You know president Obama’s approval numbers are in a bad way when the fashion press turns on him.

Trade mag Women’s Wear Daily features a story this month on Obama’s waning popularity among D.C.’s elite social circles—the board members and bubbly-swillers used to mingling with presidents in relatively close quarters. (File under: how a fashion trade mag handles midterm fever.)

This, from Susan Watters’ “Obama’s Social Style has D.C. Grumbling”:

While the first couple seems only too eager to rub shoulders with the New York fashion, media and big-money sets, D.C. socialites are feeling snubbed, short-changed and officially dissed. There used to be complaints about White House red tape — now they’re complaining about the White House red rope.

White House red rope?

Instead of welcoming guests in a formal receiving line with a White House photographer on hand to help visitors capture their historic moment, or simply strolling through the Red, Blue and Green rooms chatting informally with invitees, the Obamas prefer to stand in a designated spot, such as one end of the East Room or in the Grand Foyer, safely positioned behind a red velvet rope. The kind of red velvet rope clubs use to keep out the riffraff. From there, the presidential couple smiles, chats, makes eye contact and waves as their guests jockey for position to touch their hands. No mingling.



“For a campaign rally, sure, that’s fine. But not for the White House,’’ says one museum board member who, like many, requested anonymity. “Every president — Bill Clinton, both Bushes, the Reagans — they would always have a quick receiving line. Each couple would be formally announced. A few words would be exchanged. But this President thinks he is such a rock star. It’s like he’s inviting guests to the White House just to snub them.”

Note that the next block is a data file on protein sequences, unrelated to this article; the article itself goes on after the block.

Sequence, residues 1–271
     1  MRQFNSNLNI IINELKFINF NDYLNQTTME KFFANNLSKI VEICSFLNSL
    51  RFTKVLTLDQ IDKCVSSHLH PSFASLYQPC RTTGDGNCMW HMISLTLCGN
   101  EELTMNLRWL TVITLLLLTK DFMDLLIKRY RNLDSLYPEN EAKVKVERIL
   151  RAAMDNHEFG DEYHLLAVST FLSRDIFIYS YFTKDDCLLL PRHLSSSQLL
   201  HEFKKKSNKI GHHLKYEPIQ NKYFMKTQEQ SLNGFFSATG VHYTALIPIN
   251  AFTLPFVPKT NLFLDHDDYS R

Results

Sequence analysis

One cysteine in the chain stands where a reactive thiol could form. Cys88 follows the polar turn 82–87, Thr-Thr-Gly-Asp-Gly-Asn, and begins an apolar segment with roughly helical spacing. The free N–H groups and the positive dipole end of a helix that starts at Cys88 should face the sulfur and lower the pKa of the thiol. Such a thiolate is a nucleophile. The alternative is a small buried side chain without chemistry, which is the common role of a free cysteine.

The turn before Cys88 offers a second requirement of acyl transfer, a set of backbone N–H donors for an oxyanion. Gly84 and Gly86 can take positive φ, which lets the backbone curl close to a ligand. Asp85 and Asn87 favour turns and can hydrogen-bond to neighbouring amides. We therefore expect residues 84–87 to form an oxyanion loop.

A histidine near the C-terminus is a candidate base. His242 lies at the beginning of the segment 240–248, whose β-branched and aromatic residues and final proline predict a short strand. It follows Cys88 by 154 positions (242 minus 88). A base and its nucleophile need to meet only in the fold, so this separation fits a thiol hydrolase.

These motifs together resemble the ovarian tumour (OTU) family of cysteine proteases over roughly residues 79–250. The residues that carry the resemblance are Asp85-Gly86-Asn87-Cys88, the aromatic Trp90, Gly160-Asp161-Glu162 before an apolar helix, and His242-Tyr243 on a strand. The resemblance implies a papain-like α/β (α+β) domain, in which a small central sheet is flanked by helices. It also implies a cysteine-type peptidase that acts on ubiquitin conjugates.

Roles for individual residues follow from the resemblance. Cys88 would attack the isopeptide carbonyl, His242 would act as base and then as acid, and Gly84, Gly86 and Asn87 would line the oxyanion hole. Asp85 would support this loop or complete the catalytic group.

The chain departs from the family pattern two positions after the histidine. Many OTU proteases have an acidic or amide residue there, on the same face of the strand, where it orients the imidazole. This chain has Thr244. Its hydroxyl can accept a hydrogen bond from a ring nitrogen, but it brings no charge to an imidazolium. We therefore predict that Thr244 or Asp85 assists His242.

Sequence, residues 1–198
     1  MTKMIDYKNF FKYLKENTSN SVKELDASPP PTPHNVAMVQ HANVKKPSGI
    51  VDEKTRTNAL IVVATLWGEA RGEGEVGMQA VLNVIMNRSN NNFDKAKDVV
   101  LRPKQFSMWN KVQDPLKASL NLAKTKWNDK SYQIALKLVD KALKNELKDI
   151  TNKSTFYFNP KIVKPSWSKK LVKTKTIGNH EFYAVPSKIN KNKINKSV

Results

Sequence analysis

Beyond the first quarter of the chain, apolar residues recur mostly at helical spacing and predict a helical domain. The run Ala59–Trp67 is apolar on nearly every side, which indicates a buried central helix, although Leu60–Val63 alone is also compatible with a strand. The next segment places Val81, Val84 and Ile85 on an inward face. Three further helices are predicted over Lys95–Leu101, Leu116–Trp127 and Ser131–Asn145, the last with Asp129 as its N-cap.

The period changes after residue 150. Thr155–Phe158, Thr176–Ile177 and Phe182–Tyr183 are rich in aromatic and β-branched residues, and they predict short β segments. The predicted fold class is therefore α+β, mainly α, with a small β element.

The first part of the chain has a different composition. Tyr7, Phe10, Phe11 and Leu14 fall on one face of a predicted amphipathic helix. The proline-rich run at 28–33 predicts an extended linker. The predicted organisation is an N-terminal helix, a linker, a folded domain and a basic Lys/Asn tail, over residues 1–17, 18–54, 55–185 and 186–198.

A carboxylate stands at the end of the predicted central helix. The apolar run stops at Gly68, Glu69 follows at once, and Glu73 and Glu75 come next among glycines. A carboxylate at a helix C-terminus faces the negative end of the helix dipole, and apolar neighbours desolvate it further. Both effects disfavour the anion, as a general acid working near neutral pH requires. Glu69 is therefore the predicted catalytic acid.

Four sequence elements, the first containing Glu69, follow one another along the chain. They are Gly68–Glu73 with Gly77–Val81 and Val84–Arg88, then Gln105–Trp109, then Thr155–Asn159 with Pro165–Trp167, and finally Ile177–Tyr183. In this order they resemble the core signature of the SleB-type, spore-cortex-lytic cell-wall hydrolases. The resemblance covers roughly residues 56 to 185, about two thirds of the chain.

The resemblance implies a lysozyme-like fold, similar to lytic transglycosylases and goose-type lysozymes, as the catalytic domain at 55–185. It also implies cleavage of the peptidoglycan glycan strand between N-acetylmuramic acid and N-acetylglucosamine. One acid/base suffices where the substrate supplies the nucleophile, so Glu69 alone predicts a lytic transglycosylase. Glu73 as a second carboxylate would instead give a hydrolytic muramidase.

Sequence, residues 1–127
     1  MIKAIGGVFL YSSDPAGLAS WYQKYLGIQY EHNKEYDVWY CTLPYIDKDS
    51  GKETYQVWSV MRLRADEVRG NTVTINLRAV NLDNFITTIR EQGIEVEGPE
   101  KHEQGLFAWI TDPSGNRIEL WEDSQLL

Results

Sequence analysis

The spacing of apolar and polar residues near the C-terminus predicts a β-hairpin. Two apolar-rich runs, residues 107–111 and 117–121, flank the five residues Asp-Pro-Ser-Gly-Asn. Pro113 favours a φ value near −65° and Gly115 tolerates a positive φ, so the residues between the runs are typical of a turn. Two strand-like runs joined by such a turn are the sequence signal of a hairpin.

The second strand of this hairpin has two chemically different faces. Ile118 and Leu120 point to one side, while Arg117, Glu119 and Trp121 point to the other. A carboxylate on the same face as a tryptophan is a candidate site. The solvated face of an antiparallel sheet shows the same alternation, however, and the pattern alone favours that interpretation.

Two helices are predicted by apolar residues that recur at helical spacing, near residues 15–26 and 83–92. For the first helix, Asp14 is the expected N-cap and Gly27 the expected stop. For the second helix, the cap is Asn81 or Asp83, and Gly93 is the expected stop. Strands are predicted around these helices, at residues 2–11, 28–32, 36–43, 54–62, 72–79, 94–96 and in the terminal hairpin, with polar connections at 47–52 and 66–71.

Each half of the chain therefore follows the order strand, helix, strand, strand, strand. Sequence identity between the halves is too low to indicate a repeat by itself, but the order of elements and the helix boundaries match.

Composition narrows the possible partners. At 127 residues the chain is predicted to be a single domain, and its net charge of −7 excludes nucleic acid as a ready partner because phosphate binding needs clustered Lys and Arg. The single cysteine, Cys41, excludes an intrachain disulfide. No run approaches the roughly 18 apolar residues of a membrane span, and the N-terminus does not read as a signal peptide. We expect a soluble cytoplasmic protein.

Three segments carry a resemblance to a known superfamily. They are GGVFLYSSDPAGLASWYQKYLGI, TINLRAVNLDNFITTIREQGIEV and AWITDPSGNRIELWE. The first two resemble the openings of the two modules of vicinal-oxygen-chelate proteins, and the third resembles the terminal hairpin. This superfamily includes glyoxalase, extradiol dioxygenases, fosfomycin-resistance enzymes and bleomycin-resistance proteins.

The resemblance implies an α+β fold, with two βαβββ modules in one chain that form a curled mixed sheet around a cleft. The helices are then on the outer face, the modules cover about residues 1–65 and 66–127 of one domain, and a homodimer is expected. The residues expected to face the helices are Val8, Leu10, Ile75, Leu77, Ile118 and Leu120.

Got to love the beltway—even a piece this innocuous features the typical anonymous shadow snipers. Joe Biden has two words for you: “Stop Whining.”

The story is not without some journalistic value, though. How’s this for an indictment of the beltway media?

And socialites aren’t the only ones complaining about the White House red rope. At last year’s Christmas party for the press, reporters who spend entire careers trying to navigate around rope lines started lobbying early to safeguard the treasured perk of shaking hands with the President and securing an autographed photograph.

Ugh. The only thing harder to hear than that is this, from The Real Housewives of D.C., featuring White House party crasher Michaele “What Red Rope?” Salahi, courtesy of The Daily Beast. Think of it as Morning Joe, live from the vineyard:

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Joel Meares is a former CJR assistant editor.